Earlier today I posted over on eBookNewser about 3M Cloud Library. 3M will be demoing their new system at the ALA conference later this week, and today they announced that they'd signed a couple new publishers. They also announced that the new Cloud Library would go into beta this summer. One of their beta partners will be the Kansas Digital Library Consortium.
One detail I didn't know at the time was that the KDLC had decided to end the contract with Overdrive and go with 3M. I had heard that the contract was up for renewal, and the KDLC weren't happy about a price spike. But I didn't realize that they were planning to _leave_.
The KDLC spent over half a million dollars on digital content with OverDrive, and they plan to take that content with them as the core of their new digital library (as provided by 3M).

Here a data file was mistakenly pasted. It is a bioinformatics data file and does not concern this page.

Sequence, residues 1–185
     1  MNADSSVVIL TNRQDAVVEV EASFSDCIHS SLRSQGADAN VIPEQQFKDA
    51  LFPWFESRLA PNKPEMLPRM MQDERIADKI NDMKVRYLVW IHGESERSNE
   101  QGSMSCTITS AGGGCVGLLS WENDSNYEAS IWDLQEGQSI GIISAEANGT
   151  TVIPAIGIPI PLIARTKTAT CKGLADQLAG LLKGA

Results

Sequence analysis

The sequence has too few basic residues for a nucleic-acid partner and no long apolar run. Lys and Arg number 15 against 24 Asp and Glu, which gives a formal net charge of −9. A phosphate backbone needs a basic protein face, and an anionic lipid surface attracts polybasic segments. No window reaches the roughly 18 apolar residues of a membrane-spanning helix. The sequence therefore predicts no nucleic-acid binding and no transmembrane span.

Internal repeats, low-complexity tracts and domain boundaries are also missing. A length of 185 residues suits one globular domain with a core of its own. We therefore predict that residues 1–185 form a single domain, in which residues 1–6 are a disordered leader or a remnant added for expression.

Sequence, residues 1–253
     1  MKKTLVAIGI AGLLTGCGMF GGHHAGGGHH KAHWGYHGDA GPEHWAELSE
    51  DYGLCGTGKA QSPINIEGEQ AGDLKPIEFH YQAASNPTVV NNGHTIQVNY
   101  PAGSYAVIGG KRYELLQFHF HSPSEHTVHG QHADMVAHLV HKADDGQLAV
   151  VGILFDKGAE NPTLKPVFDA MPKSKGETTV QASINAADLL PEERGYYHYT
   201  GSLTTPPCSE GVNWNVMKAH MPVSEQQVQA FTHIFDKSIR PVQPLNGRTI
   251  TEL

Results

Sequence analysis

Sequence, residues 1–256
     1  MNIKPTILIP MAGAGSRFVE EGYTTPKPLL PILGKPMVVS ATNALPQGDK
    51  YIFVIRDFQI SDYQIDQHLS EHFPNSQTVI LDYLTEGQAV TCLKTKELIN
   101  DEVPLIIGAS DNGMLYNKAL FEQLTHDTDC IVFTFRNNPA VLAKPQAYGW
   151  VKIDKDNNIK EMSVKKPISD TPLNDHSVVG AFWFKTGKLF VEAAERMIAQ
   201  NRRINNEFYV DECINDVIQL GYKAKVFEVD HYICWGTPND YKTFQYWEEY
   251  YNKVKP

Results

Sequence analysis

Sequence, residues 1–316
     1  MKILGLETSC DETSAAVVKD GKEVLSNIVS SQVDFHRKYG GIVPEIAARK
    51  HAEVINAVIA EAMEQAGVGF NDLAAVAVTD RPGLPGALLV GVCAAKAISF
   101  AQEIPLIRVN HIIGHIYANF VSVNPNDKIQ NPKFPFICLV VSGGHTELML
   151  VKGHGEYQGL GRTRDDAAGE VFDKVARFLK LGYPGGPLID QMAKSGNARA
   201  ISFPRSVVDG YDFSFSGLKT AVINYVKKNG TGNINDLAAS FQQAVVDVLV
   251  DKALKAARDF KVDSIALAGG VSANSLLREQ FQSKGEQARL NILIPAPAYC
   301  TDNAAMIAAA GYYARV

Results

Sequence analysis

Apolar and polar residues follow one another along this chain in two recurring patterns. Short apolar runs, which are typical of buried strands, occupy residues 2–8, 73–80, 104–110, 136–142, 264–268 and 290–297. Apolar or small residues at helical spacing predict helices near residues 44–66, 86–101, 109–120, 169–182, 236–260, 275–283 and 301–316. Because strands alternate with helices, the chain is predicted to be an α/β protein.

What's even more interesting about this is that the contract says they can because the KDLC owns the content. (Would you be surprised to find out that the new contract won't let KDLC transfer the content?)
"... (i)n the event of termination, DLR [OverDrive] will cooperate with the Consortium to transfer any and all Digital Products and content purchased from DLR or independently owned by Consortium to another service provider to permit Library to continue to serve its Patrons with Digital Products. For Digital Products that Consortium has purchased from DLR, Consortium shall obtain permissions and consent from the owners of the Digital Product authorizing DLR to transfer the Content."
Of course, there's no guarantee that they can get publisher's approval. Do you remember back when Fictionwise and Overdrive ended their relationship? Most everyone who had bought ebooks from Fictionwise lost at least a few ebooks. The KDLC are probably going to lose a bunch of titles for much the same reason; publishers won't let them transfer the content.
3M haven't even launched the Cloud Library yet, and they're already having a positive effect on the market. Ain't competition grand?
image by The DLC